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Understanding why high income households save more than low income households

  • Mark Huggett
  • Gustavo Ventura

This paper investigates why high income households in the United States save on average more than low income households in cross-section data. The three explanations considered are (1) age differences across households, (2) temporary earnings shocks, and (3) the structure of transfer payments. We use a calibrated life-cycle model to evaluate the quantitative importance of these explanations and find that age and the structure of transfers are quantitatively important in producing the cross-section pattern of United States savings rates. Temporary shocks are of secondary importance.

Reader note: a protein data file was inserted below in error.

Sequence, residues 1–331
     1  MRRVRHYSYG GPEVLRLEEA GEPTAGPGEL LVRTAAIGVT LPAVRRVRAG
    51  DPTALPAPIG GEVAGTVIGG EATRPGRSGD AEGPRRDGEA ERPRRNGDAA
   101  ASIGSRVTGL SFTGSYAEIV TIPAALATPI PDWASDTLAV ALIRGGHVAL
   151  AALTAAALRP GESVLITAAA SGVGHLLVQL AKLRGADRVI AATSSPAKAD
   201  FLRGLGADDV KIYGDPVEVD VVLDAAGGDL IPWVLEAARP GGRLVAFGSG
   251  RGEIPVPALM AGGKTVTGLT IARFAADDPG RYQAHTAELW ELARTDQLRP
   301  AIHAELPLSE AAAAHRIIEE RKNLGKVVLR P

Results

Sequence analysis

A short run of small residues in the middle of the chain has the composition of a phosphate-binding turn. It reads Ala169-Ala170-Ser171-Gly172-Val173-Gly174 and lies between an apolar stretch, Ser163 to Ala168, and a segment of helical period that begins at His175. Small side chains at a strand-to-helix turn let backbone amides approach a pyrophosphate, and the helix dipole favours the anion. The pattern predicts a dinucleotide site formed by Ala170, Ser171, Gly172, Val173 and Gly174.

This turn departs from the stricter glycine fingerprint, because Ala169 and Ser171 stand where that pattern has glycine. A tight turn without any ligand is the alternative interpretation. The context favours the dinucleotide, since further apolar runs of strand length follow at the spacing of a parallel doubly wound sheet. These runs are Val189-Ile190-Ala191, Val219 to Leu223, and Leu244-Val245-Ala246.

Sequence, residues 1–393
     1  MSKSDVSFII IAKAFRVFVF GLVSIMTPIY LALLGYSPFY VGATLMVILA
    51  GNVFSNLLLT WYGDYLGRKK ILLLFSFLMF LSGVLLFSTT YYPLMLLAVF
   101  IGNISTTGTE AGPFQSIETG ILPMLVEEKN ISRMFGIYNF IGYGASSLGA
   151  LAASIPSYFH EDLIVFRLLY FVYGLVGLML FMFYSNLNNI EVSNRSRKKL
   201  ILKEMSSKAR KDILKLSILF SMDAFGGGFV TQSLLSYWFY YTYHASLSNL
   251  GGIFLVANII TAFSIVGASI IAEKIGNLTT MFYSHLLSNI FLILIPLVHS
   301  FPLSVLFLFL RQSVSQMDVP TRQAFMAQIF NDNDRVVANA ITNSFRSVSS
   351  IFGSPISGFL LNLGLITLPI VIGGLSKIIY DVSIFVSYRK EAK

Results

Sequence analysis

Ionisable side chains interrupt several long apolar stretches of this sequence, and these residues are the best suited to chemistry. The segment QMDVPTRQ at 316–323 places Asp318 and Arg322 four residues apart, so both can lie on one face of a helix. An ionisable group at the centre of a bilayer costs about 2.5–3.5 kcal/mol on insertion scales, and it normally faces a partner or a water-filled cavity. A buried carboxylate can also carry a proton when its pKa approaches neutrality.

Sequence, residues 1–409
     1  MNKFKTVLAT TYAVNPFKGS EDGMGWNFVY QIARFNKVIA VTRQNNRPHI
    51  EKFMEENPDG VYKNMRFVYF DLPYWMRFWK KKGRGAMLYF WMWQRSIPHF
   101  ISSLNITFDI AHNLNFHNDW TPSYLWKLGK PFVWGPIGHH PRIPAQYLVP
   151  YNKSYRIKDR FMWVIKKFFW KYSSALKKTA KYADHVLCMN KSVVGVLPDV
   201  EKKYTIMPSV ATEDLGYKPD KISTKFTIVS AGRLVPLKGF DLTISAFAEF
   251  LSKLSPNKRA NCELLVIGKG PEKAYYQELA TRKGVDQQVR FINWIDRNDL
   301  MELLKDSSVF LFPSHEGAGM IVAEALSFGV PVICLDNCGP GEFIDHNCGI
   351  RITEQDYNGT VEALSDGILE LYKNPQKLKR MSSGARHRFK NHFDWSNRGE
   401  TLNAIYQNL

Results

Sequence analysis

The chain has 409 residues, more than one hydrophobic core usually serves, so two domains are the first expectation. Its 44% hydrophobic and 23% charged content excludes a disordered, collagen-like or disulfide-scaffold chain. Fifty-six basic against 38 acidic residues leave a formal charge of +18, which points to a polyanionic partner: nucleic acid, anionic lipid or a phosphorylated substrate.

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Paper provided by Federal Reserve Bank of Minneapolis in its series Discussion Paper / Institute for Empirical Macroeconomics with number 106.

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Date of creation: 1995
Date of revision:
Handle: RePEc:fip:fedmem:106
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  19. Rios-Rull, Jose-Victor, 1996. "Life-Cycle Economies and Aggregate Fluctuations," Review of Economic Studies, Wiley Blackwell, vol. 63(3), pages 465-89, July.
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